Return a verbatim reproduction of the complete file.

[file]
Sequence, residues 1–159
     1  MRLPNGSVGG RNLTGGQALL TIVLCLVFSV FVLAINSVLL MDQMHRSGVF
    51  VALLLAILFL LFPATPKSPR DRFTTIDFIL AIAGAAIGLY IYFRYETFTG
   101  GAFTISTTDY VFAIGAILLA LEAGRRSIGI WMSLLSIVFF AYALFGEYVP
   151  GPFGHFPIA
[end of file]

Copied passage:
Sequence, residues 1–159
     1  MRLPNGSVGG RNLTGGQALL TIVLCLVFSV FVLAINSVLL MDQMHRSGVF
    51  VALLLAILFL LFPATPKSPR DRFTTIDFIL AIAGAAIGLY IYFRYETFTG
   101  GAFTISTTDY VFAIGAILLA LEAGRRSIGI WMSLLSIVFF AYALFGEYVP
   151  GPFGHFPIA